Here are two cooling pots designed and made by K|ngP|n. Cooling pots are more than just containers to hold sub-zero liquids. Each pot is specifically engineered and crafted to effectively remove the heat from the processor and efficiently utilize the cooling substance inside. The Dragon F1 Extreme Edition on the right is currently the best Intel Core i7 pot on the market. Its solid copper mass allows an overclocker to control and maintain the temperature of the processors to within a few degrees. This is critical for Intel Core i7 processors that run hot and suffer from both a cold bug and cold boot bug. More on what a cold bug actually is in just a moment.
The big pot on the left is the latest Venom Liquid Nitrogen pot, which has been designed specifically for the AMD Phenom II processors. The extra copper mass allows the CPU to maintain consistent temperature at very high voltages, while the huge chamber allows for maximum LN2 volume to keep the processors as cold as possible.
In the past, most processors have had issues preventing them from performing below a certain temperature. This is known as a cold bug. Cold bugs can vary greatly, manifesting themselves in different ways. Some will cause general instability below a certain temperature, while others will completely lock up the machine. Fortunately, the Phenom II has no such cold bug. In fact, Phenom II has been proven to scale better the colder it gets. To prove this, AMD has demonstrated the Phenom II hitting unbelievable clock rates while being cooled with liquid helium (almost 70 degrees C colder than liquid nitrogen).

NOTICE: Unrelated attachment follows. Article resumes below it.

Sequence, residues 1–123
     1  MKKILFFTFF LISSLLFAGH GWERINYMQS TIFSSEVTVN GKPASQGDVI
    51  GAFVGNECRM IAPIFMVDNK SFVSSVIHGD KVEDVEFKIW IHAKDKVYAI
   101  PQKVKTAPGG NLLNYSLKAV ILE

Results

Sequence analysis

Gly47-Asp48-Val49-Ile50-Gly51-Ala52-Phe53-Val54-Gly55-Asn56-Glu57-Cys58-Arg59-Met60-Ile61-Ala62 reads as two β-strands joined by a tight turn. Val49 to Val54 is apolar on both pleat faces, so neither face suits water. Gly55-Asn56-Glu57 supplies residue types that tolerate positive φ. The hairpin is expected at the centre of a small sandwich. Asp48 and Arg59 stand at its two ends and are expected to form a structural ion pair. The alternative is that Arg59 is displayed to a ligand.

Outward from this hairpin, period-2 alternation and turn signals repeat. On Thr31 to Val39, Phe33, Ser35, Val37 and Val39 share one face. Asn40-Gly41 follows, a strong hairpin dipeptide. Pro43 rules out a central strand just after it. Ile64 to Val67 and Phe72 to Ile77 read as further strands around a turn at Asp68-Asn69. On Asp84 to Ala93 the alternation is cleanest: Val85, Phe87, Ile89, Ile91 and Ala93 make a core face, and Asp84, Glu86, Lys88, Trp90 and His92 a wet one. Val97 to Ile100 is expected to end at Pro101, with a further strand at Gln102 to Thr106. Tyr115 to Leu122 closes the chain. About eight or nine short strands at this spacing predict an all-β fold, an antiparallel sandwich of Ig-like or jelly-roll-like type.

Since the Phenom II (and by extension, these TWKR CPUs) have no cold bugs, the processors will run at very cold temperatures for extended periods of time. Proper insulation is important if you want to maintain the life of your processors and components. Running at sub-zero temperatures usually results in condensation and frost build-up. To prevent components from shorting out from condensation, a large area around the processor socket is covered with kneadable eraser.
Kneadable eraser has some very good characteristics, making it a common piece of material in many overclockers' toolboxes. First, the material is very pliable. It has a slightly firmer texture than Play-Doh and modeling clay. The composition of the eraser allows the material to be flattened and shaped to fit around any curves and crevices. This helps create an air-tight seal around the motherboard and prevent moisture from building up. In addition, kneadable eraser does not break or crack under extreme conditions. Once the bench session is done, the eraser can be easily removed with no residue on the board, and then rolled into a ball for future applications.